Designing humans to prevent biofilms

Taking advantage of synthetic biology, researchers have produced human cells that can produce a synthetic autoinducer.

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Jul 21, 2017
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Targeting virulence mechanisms of pathogens has become a hot area of research in the past few years. The idea is that you can reduce the severity of an infection without applying a strong selective pressure to develop resistance as you do with antibiotics. Common deliver approaches for these range from oral drugs to direct embedding into medical materials. 

A Swiss group took another approach. They asked, what if human cells produce their own anti-virulence defences? Read more about it below.

Quorum-Quenching Human Designer Cells for Closed-Loop Control of Pseudomonas aeruginosa Biofilms.

Abstract

Current antibiotics gradually lose their efficacy against chronic Pseudomonas aeruginosa infections due to development of increased resistance mediated by biofilm formation, as well as the large arsenal of microbial virulence factors that are coordinated by the cell density-dependent phenomenon of quorum sensing. Here, we address this issue by using synthetic biology principles to rationally engineer quorum-quencher cells with closed-loop control to autonomously dampen virulence and interfere with biofilm integrity. Pathogen-derived signals dynamically activate a synthetic mammalian autoinducer sensor driving downstream expression of next-generation anti-infectives. Engineered cells were able to sensitively score autoinducer levels from P. aeruginosa clinical isolates and mount a 2-fold defense consisting of an autoinducer-inactivating enzyme to silence bacterial quorum sensing and a bipartite antibiofilm effector to dissolve the biofilm matrix. The self-guided cellular device fully cleared autoinducers, potentiated bacterial antibiotic susceptibility, substantially reduced biofilms, and alleviated cytotoxicity to lung epithelial cells. We believe this strategy of dividing otherwise coordinated pathogens and breaking up their shielded stronghold represents a blueprint for cellular anti-infectives in the postantibiotic era.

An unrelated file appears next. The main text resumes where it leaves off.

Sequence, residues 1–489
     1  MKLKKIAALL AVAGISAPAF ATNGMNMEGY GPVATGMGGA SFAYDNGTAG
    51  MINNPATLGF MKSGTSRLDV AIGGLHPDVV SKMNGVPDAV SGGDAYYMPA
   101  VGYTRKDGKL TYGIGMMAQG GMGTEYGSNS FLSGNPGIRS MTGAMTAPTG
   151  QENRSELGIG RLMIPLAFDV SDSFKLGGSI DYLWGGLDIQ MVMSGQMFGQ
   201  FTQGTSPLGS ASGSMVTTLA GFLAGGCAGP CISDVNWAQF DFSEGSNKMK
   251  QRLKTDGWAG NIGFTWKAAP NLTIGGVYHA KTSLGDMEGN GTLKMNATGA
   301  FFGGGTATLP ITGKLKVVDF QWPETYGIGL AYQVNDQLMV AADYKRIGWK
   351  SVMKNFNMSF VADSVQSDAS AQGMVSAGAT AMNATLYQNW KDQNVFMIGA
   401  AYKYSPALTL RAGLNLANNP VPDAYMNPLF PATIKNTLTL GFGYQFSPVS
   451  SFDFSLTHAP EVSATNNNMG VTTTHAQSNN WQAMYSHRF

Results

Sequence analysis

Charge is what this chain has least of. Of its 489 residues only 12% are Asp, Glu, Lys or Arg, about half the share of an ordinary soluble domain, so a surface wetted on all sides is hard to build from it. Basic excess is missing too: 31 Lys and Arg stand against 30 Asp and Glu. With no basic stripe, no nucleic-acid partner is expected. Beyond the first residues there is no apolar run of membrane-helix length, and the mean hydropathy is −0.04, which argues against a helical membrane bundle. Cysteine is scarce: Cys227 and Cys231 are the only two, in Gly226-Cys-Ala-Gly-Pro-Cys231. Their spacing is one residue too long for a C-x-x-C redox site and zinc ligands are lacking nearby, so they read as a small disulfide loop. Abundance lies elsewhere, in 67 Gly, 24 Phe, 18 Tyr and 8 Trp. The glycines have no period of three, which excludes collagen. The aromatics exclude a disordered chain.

Reference


Nano Lett. 2017 Jul 13. doi: 10.1021/acs.nanolett.7b02270. [Epub ahead of print]
Quorum-Quenching Human Designer Cells for Closed-Loop Control of Pseudomonas aeruginosa Biofilms.

Sedlmayer F, Jaeger T, Jenal U, Fussenegger M

Go to the profile of Ben Libberton

Ben Libberton

Postdoc and Public Information Officer, Karolinska Institute

I'm a researcher at the Swedish Medical Nanoscience Center in Stockholm and the Community Editor for npj Biofilms and Microbiomes. I'm interested in how bacteria cause disease and look to technology to produce novel tools to study and ultimately prevent infection. My research spans different disciplines from basic microbiology to surface chemistry and organic bioelectronics.

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